213

I was encountering a lot of bugs in my code because I expected this expression:

Boolean([]); to evaluate to false.

But this wasn't the case as it evaluated to true.

Therefore, functions that possibly returned [] like this:

// Where myCollection possibly returned [ obj1, obj2, obj3] or []
if (myCollection)
{
  // ...

} else
{
  // ...
}

did not do expected things.

Am I mistaken in assuming that [] an empty array should evaluate to false?

Also, Is this behavior consistent in all browsers? Or are there any gotchas there too? I observed this behavior in Google Chrome by the way.

6
  • 14
    arrays are objects, objects are truthy. just ask for array.length, if not zero, it will be truthy. when you explicitly convert to Boolean, the array turns into an empty string first, then the empty string turns into false.
    – dandavis
    Commented Oct 2, 2013 at 20:26
  • 2
    Why don't you use myCollection.length > 0?
    – Steve
    Commented Oct 2, 2013 at 20:26
  • 2
    @Steve - that won't work if myCollection happens to be null or undefined. You need to use if(myCollection && myCollection.length > 0).
    – Ted Hopp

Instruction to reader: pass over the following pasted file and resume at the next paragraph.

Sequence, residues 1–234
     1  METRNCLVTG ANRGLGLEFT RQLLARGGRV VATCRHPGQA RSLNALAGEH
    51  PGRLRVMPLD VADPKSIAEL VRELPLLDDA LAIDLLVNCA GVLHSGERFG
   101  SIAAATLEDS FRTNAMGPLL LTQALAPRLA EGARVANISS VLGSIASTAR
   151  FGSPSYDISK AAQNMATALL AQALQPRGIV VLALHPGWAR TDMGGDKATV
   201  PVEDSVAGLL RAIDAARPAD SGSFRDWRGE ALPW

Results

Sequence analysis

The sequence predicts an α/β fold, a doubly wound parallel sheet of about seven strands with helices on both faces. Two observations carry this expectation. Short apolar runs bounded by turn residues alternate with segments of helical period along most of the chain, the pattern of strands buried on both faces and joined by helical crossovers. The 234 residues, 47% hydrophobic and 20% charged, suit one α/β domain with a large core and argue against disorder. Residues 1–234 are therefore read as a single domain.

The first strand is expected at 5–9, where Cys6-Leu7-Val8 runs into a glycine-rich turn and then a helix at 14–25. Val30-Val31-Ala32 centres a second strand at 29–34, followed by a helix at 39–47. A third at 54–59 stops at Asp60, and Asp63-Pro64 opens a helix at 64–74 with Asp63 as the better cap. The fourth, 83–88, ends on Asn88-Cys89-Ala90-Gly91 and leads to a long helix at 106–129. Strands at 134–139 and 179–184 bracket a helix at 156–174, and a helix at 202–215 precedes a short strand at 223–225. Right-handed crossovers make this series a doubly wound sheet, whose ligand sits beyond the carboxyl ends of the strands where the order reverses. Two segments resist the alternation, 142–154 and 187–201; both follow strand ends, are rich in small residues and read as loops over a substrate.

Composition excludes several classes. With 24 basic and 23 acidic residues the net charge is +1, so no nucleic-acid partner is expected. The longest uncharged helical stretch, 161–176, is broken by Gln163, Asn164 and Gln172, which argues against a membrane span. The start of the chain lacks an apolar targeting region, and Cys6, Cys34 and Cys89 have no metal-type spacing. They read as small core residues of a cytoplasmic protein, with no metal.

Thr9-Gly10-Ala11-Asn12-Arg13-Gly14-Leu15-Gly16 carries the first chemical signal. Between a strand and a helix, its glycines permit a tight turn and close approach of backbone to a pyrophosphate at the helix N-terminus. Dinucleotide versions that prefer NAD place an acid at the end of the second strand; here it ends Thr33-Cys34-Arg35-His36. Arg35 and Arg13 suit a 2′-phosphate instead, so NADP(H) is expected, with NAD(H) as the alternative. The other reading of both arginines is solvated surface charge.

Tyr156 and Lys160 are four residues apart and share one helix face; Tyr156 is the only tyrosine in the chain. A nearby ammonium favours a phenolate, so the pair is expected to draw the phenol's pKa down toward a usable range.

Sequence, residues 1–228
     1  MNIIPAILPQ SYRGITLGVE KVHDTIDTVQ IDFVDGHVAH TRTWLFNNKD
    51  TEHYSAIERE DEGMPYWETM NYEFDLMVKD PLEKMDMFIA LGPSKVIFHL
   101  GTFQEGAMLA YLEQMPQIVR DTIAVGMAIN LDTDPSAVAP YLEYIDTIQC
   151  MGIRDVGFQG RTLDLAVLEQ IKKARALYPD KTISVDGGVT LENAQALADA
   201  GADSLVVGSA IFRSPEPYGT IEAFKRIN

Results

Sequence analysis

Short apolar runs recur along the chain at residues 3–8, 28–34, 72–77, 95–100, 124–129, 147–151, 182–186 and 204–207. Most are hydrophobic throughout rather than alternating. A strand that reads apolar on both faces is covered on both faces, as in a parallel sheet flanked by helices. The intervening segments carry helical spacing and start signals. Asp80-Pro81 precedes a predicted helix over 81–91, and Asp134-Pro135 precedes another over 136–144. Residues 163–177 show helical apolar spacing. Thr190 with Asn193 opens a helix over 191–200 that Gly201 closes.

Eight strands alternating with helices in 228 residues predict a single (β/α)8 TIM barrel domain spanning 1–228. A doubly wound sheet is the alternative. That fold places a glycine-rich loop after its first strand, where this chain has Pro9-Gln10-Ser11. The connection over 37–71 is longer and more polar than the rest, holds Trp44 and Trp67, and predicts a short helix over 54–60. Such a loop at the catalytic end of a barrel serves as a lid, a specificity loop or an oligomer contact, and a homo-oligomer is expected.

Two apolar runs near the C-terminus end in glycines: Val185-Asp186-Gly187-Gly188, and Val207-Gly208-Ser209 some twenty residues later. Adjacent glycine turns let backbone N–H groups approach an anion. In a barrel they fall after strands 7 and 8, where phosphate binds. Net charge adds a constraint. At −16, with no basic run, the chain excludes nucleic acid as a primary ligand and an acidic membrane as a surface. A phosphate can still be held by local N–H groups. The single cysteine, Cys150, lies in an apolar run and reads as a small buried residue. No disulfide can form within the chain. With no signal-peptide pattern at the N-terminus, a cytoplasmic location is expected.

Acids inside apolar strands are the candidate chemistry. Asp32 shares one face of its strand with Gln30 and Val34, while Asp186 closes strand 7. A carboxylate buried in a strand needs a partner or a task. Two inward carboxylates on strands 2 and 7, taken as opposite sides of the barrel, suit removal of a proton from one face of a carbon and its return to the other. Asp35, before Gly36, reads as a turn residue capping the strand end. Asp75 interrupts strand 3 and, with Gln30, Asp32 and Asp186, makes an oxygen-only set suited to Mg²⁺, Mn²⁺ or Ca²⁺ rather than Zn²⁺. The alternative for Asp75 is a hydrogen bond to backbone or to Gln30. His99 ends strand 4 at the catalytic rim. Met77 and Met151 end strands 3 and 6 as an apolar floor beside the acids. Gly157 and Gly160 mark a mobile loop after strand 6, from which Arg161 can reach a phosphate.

Commented Oct 2, 2013 at 20:29
  • @TedHopp - of course... I was just pointing out that myCollection.length > 0 offers a boolean value that is doing what the OP asked for... he still needs to do the work from there.
    – Steve
    Commented Oct 2, 2013 at 20:37
  • 3
    possible duplicate of javascript empty array seems to be true and false at the same time
    – bummi
    Commented Jan 2, 2015 at 23:04

7 Answers 7

227

From http://www.sitepoint.com/javascript-truthy-falsy/

The following values are always falsy:

  • false
  • 0 (zero)
  • 0n (BigInt zero)
  • "" (empty string)
  • null
  • undefined
  • NaN (a special Number value meaning Not-a-Number!)

All other values are truthy, including "0" (zero in quotes), "false" (false in quotes), empty functions, empty arrays ([]), and empty objects ({}).

Regarding why this is so, I suspect it's because JavaScript arrays are just a particular type of object. Treating arrays specially would require extra overhead to test Array.isArray(). Also, it would probably be confusing if true arrays behaved differently from other array-like objects in this context, while making all array-like objects behave the same would be even more expensive.

13
  • 69
    If you test the expression [] == false it evaluates to true.
    – m.rufca
    Commented Apr 24, 2018 at 18:06
  • 4
    @m.rufca See stackoverflow.com/questions/5491605/…
    – Barmar
    Commented Apr 24, 2018 at 19:29
  • 18